Woody just wouldn’t be the same without Hanks providing the character’s voice, but he also ad-libbed certain lines in the film. Apparently, Hanks ad-libbed the scene with Buzz’s severed arm after John Lasseter brought a prop arm into the recording studio. Hanks’ puppet show routine made it into the final cut of the film, with only a palm reading bit not making it into the movie.
3 There’s A Reason Why Andy’s Dad Isn’t Around
Ever since the first Toy Story movie was released in 1995, people have been wondering what happened to Andy's dad. It's possible that Andy's father could have just been at work, but it seems a bit odd that he is never seen or mentioned in any of the Toy Story films. There have been rumors about Andy's dad in the past, but so far none of them have been confirmed.
In reality, it just wasn't important to give Andy a father and it would have been more expensive to do so. When Toy Story was being made, Pixar still had limited funds, which means it would have been too expensive to create a whole new human character. This would also explain why all of the kids at Andy's birthday party look exactly like Andy!
2 Don Rickles Didn’t Originally Want To Voice Mr. Potato Head
One of the original cast members of Toy Story was Don Rickles, who voiced Mr. Potato Head. When he was approached by John Lasseter to be a voice actor, Rickles originally said no, explaining, "When the guy came down to see me about ‘Toy Story,’ I had to say, which I say to a lot of people, 'Oh, c’mon. I don’t do Popeye and Olive Oyl and all that stuff. Voice-overs? I don’t do that.'”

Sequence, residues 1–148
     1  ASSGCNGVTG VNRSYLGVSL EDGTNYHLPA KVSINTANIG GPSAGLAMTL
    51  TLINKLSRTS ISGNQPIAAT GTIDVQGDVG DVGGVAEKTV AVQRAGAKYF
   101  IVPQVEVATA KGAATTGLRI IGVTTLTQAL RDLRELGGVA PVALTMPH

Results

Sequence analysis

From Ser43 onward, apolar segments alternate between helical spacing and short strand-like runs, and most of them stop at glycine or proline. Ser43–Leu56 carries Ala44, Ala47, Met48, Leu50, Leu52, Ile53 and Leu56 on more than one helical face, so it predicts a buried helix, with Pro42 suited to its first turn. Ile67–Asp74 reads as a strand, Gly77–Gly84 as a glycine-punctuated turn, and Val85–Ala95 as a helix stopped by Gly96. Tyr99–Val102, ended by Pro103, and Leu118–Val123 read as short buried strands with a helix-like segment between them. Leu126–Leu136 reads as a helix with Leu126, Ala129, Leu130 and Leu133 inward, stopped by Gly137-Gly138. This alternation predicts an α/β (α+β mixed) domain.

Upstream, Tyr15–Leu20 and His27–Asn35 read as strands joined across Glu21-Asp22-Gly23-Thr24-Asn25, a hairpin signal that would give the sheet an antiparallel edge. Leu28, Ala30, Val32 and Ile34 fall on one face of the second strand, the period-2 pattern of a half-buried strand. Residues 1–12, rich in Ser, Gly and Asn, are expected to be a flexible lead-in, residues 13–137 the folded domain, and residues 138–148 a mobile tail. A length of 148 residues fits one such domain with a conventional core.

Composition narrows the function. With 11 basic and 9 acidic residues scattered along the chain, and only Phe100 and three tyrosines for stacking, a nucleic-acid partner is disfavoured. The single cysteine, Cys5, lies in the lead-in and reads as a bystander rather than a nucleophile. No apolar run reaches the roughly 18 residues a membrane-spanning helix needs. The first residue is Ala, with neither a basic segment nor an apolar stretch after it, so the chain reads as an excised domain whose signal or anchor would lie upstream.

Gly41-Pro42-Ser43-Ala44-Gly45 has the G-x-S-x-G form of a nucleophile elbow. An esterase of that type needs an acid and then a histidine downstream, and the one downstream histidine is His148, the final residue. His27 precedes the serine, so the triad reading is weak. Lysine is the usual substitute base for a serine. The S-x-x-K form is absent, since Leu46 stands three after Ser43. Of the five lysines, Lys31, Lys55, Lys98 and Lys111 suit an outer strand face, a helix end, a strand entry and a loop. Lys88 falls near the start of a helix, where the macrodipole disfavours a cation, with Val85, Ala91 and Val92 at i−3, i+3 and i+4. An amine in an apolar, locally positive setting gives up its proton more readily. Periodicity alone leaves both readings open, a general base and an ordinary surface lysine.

The actor went on to voice the character for Toy Story 2 and 3 and, despite passing away in 2017, he will still be voicing the character in Toy Story 4. Rickles hadn't recorded any lines as Mr. Potato head before he died, but the editors will likely be piecing together dialogue for him using old archive recordings.
1 Toy Story Animators Put A Lot Of Work Into The Green Army Men
When it comes to animation, certain characters are harder to animate than others. There's rumored to be an early version of Lotso in the first Toy Story on Andy's shelf, but the character didn't get more screen time because the technology for the fur wasn't perfected yet. One set of characters the animators really wanted to do a good job on were the Green Army Men.
The animators wanted to make sure they were getting the motion of the soldiers right, so they actually strapped wooden boards to their feet and tried to walk around. In the end, their hard work paid off, but it probably wasn't an easy feat to accomplish.